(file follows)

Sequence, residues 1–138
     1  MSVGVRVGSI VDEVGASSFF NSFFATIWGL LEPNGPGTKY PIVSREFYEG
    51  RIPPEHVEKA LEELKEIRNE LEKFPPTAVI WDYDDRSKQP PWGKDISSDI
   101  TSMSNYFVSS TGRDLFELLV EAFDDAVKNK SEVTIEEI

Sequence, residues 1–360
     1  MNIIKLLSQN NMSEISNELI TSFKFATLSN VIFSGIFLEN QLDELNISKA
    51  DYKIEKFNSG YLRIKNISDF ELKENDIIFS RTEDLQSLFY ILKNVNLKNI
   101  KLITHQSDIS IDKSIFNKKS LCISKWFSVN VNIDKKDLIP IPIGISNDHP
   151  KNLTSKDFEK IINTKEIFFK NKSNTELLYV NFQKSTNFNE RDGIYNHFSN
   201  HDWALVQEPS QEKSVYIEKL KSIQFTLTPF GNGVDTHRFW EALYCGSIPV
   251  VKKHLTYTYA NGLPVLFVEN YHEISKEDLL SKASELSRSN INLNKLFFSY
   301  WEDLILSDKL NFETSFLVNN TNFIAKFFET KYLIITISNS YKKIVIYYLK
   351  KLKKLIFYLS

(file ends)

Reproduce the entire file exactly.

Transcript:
Sequence, residues 1–138
     1  MSVGVRVGSI VDEVGASSFF NSFFATIWGL LEPNGPGTKY PIVSREFYEG
    51  RIPPEHVEKA LEELKEIRNE LEKFPPTAVI WDYDDRSKQP PWGKDISSDI
   101  TSMSNYFVSS TGRDLFELLV EAFDDAVKNK SEVTIEEI

Sequence, residues 1–360
     1  MNIIKLLSQN NMSEISNELI TSFKFATLSN VIFSGIFLEN QLDELNISKA
    51  DYKIEKFNSG YLRIKNISDF ELKENDIIFS RTEDLQSLFY ILKNVNLKNI
   101  KLITHQSDIS IDKSIFNKKS LCISKWFSVN VNIDKKDLIP IPIGISNDHP
   151  KNLTSKDFEK IINTKEIFFK NKSNTELLYV NFQKSTNFNE RDGIYNHFSN
   201  HDWALVQEPS QEKSVYIEKL KSIQFTLTPF GNGVDTHRFW EALYCGSIPV
   251  VKKHLTYTYA NGLPVLFVEN YHEISKEDLL SKASELSRSN INLNKLFFSY
   301  WEDLILSDKL NFETSFLVNN TNFIAKFFET KYLIITISNS YKKIVIYYLK
   351  KLKKLIFYLS